Tarina Homes Sports Complex (copy)

In this file photo, two children pay on a teeter-totter at the Tarina Homes Sports Complex. 

The Bakersfield park called Tarina Homes Sports Complex at Mesa Marin may be a mouthful, but it could soon be a little easier to swallow after the local developer failed to pay the city the full cost of naming rights.

The city says that subdivision developer Tarina Homes has not paid the full $200,000 required to name a sports complex in northeast Bakersfield that used to be the site of Mesa Marin Raceway.

As a result, the City Council will vote on Wednesday to strip the developer’s name from the park and rename it Mesa Marin Sports Complex.

Despite the name change, some people may not notice the difference.

“Everybody knows it as Mesa Marin because the old racetrack was there,” said Bakersfield Recreation and Parks Director Dianne Hoover. “We always referred to it as Mesa Marin, but then Tarina Homes came and said we’d like to purchase the naming rights.”

The developer did not respond to a request for comment.

The sports complex contains four softball fields in addition to a playground, picnic area, dog park and splash pads.

The city has planned future expansions of the park as well.

Tarina Homes, which constructed the subdivision, Shamrock Hills, near the park, agreed to a three-year contract with the city in late 2017 for the naming rights of the sports park.

The contract stipulated that the developer would need to pay the city $100,000 in two installments due in July 2018 and 2019 respectively, according to the city.

However, the city wrote in its City Council agenda packet that after Tarina Homes encountered delays in construction for new homes, it had difficulty meeting the original payment terms.

After asking the city to “be flexible” in accepting payment, Bakersfield officials received the first $100,000 for naming rights in June of this year, according to the council agenda.

In May, Tarina Homes once again contacted the city, asking for an alternate payment plan for the second installment, the city said.

The City Council agreed in June to allow Tarina Homes to make five $20,000 payments to Bakersfield, the first installment of which was due July 1.

However, Tarina Homes did not execute the agreement, nor make a payment on July 1, according to the city, and the City Manager’s Office is recommending the council terminate the contract on Wednesday.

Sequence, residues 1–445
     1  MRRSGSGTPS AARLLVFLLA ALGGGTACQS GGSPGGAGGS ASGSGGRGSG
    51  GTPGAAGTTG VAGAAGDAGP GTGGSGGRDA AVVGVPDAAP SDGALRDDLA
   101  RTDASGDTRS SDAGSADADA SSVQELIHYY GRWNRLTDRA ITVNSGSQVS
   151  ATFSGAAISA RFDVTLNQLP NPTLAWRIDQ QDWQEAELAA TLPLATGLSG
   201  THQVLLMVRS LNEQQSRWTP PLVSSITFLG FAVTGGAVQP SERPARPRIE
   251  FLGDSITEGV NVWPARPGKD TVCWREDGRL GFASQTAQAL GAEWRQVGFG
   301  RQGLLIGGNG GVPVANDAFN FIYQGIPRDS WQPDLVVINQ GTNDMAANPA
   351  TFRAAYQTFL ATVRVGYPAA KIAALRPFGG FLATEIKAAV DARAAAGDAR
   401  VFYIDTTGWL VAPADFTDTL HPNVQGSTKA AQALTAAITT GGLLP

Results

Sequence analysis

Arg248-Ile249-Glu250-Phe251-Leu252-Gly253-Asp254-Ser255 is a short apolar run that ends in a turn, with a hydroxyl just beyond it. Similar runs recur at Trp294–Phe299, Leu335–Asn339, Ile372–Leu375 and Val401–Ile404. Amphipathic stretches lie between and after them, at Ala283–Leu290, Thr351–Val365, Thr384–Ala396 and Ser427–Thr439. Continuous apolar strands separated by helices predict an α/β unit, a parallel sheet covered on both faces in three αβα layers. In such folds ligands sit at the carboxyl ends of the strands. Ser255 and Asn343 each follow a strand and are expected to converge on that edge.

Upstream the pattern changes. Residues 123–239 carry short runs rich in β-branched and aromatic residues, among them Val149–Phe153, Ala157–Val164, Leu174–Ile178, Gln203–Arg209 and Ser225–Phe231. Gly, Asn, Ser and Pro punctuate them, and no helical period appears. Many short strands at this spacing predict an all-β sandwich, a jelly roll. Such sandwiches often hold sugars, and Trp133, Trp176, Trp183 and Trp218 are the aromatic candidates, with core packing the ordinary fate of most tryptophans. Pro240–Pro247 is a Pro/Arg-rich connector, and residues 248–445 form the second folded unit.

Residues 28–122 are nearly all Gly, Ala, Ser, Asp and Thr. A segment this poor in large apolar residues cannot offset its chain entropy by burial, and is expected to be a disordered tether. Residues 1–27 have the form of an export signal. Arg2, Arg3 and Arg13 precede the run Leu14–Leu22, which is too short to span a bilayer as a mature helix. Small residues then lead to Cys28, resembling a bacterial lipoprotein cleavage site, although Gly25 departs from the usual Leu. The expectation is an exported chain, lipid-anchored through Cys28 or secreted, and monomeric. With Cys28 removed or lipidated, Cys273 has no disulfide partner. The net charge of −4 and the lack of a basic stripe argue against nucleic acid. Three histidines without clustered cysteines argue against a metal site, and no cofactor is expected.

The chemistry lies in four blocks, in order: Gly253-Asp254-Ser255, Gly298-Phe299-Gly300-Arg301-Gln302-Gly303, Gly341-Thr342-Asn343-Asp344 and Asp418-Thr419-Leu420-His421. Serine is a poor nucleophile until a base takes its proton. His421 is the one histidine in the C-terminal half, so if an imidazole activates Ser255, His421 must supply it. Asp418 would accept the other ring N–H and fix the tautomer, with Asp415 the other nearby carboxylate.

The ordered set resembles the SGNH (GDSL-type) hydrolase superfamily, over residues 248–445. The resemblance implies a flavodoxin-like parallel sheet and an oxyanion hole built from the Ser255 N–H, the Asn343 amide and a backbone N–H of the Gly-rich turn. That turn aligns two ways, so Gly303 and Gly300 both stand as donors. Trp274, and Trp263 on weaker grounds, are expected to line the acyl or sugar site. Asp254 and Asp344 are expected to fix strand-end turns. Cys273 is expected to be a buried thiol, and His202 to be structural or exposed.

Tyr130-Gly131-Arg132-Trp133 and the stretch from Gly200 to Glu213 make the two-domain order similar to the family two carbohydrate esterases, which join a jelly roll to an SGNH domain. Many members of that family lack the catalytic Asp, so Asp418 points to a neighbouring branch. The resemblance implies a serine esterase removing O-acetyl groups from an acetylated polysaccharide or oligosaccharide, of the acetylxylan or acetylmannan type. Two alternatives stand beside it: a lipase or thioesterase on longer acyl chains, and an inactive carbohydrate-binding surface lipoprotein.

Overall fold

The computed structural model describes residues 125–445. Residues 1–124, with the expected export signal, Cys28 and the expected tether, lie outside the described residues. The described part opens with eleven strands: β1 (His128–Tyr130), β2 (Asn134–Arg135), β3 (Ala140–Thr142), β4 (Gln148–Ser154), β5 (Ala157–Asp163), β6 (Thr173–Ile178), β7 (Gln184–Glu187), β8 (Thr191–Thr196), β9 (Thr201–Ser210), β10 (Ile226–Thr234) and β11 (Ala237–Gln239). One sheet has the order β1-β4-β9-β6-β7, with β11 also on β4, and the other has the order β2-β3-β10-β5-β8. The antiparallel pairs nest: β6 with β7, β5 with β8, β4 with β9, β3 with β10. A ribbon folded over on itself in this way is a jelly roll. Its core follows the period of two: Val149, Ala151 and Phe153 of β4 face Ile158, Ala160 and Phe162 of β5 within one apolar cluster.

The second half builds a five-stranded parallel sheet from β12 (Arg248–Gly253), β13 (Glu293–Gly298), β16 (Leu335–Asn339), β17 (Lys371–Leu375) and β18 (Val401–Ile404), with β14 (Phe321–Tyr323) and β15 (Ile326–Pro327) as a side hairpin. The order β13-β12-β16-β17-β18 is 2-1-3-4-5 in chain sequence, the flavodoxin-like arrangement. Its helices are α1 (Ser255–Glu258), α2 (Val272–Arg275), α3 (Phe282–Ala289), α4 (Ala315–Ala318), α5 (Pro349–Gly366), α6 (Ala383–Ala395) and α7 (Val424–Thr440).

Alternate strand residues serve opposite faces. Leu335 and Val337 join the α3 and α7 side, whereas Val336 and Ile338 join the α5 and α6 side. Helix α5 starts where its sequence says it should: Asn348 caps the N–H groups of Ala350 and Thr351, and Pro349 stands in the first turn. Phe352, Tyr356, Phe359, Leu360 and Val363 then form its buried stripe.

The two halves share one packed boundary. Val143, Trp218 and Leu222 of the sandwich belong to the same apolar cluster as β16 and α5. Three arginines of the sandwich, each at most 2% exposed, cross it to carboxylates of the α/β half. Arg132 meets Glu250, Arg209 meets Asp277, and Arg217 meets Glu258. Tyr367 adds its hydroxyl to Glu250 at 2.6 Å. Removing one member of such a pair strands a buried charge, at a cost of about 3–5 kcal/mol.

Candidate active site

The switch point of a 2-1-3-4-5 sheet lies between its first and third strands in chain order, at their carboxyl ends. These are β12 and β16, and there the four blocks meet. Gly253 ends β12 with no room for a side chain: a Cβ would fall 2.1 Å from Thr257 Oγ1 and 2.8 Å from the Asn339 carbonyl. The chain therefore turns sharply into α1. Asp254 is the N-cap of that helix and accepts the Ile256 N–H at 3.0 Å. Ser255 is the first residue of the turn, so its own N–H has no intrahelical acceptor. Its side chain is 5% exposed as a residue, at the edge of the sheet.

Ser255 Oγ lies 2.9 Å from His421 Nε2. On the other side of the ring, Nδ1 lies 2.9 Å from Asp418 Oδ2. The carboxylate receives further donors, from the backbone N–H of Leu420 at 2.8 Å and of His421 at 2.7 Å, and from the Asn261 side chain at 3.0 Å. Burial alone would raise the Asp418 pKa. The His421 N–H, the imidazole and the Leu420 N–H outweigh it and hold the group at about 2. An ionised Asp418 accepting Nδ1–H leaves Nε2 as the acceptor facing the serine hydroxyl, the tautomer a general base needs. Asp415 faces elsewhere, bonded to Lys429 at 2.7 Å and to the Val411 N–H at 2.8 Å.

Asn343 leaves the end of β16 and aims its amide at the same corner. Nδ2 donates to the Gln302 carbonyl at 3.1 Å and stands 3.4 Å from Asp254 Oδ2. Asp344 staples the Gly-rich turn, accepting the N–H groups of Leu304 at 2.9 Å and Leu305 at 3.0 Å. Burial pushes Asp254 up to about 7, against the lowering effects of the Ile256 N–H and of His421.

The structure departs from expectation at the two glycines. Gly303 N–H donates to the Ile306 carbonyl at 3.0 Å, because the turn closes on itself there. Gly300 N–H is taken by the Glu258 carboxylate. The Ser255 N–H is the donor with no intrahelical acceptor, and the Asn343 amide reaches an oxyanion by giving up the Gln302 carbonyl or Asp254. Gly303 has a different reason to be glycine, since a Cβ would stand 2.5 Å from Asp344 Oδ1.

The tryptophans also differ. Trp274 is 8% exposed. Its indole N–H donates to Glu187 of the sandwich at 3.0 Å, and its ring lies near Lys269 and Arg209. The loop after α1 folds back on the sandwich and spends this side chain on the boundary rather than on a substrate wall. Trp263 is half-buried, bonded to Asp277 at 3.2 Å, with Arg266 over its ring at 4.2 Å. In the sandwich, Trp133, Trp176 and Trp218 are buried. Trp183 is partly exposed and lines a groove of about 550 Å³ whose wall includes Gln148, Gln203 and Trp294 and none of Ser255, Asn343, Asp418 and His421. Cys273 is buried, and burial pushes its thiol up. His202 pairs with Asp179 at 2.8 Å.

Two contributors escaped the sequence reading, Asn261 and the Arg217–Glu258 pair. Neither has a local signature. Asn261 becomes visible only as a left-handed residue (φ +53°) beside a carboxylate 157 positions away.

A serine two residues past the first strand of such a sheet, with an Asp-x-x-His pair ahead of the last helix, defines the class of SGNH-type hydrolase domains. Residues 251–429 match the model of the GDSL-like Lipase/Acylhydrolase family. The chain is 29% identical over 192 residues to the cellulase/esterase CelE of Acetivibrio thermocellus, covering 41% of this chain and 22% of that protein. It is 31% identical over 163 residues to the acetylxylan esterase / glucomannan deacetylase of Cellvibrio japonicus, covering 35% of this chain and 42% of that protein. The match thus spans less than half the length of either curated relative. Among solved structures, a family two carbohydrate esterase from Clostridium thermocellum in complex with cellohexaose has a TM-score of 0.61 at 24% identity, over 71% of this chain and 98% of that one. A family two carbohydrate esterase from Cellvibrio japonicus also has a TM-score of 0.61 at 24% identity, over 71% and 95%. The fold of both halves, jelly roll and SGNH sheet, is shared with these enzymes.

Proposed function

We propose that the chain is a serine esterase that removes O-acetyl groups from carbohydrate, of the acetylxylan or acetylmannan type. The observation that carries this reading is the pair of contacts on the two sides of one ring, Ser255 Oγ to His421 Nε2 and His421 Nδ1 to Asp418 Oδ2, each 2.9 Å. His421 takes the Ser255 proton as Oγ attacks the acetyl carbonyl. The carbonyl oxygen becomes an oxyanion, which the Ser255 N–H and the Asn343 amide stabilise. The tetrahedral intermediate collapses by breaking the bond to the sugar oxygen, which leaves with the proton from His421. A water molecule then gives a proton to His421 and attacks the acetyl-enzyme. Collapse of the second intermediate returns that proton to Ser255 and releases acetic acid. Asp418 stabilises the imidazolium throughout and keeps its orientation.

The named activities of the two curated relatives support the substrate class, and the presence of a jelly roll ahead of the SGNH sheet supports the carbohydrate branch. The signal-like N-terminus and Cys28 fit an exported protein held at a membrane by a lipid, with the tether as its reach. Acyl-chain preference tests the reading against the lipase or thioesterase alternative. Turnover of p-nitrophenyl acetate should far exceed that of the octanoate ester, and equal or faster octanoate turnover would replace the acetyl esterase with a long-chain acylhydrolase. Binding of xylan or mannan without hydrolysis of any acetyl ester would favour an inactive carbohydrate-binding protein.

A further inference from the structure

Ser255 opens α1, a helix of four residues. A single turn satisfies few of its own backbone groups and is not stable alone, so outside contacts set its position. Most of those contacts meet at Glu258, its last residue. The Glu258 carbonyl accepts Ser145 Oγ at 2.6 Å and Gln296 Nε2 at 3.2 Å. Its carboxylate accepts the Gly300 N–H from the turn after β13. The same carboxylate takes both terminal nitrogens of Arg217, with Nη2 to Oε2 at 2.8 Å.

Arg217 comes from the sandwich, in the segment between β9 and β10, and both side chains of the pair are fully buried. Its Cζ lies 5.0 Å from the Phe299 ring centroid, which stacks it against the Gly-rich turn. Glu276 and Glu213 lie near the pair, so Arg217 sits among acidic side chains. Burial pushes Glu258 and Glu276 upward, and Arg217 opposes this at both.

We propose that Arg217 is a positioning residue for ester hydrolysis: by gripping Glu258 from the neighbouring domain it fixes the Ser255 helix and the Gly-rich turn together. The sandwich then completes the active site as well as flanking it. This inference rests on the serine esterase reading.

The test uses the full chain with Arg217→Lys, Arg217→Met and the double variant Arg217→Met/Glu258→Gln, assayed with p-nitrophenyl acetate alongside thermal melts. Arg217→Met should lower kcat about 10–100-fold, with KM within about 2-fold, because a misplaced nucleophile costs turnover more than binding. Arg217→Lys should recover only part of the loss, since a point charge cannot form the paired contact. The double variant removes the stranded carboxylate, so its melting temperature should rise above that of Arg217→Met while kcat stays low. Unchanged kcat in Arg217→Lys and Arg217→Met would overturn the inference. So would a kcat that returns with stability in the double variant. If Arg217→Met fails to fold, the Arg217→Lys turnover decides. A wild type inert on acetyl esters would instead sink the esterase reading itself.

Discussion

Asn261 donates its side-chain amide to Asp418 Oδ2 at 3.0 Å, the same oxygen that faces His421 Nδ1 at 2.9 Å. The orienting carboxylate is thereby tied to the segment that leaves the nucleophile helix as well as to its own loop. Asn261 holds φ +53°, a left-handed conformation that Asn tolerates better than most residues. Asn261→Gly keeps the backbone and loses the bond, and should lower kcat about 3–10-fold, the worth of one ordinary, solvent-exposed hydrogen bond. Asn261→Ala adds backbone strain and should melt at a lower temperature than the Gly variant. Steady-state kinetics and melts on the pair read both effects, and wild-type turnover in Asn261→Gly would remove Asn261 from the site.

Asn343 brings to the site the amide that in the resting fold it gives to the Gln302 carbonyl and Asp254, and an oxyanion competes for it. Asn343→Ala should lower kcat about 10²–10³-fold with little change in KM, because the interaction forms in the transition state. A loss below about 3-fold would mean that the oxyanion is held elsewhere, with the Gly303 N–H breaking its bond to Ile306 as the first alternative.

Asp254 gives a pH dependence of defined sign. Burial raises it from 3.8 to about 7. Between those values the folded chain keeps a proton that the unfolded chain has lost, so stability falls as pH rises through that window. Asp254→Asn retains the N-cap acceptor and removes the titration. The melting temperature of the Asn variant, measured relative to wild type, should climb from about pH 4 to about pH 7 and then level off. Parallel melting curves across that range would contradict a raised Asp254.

The city sent a letter informing the company of its intentions.

If the council votes to drop the Tarina Homes name from the park, the park could be renamed if another party became interested in purchasing naming rights.

“I have to take one step at a time,” Hoover said. “City Council has to accept this first before I can ever consider. I can’t put the cart before the horse.”

Two other parks in Bakersfield have been renamed after a company purchased naming rights — Aera Park on Jewetta Avenue and Kaiser Permanente Sports Village along Taft Highway. Both companies signed longer contracts with the city than Tarina Homes.

You can reach Sam Morgen at 661-395-7415. You may also follow him on Twitter @smorgenTBC.

(4) comments

Ed

I guess you get what you pay for with the city. And only that. $$$$ for nothing

Butadryheat

What were they supposed to get in exchange? They already put a sign up with their name on it. What was the city supposed to do, other than that?

BakoGuy805

200k only gets you 3 years naming rights of a park in the middle of no where...yikes! Then the City puts your company on blast to the media. If I were Tarina Homes CEO I would definitely be at the city tomorrow telling then to take my companies name off ASAP.

Butadryheat

To start, it’s not in the middle of nowhere, it is surrounded in the area by thousands of homes, with more going up. If course it’s no northwest, or southwest, but the people there didn’t want to be either.

They (Tarina) asked to put their name on it in exchange for a fee and they got their name on it already. They are the ones who defaulted. Why is it the city’s fault? I would say it’s more of a bad decision by the builder to spend money they didn’t yet have, and for what?

The money that was promised was probably put into the budget of the park to pay for parts of it. Andnif the city doesn’t get the money they delay doing certain things that they don’t have the money for. Seems prudent to me, and not reckless or irresponsible, as it seems it was with the builder. And yeah, you should be ‘put on blast’ if you default on your promise. It’s called being responsible

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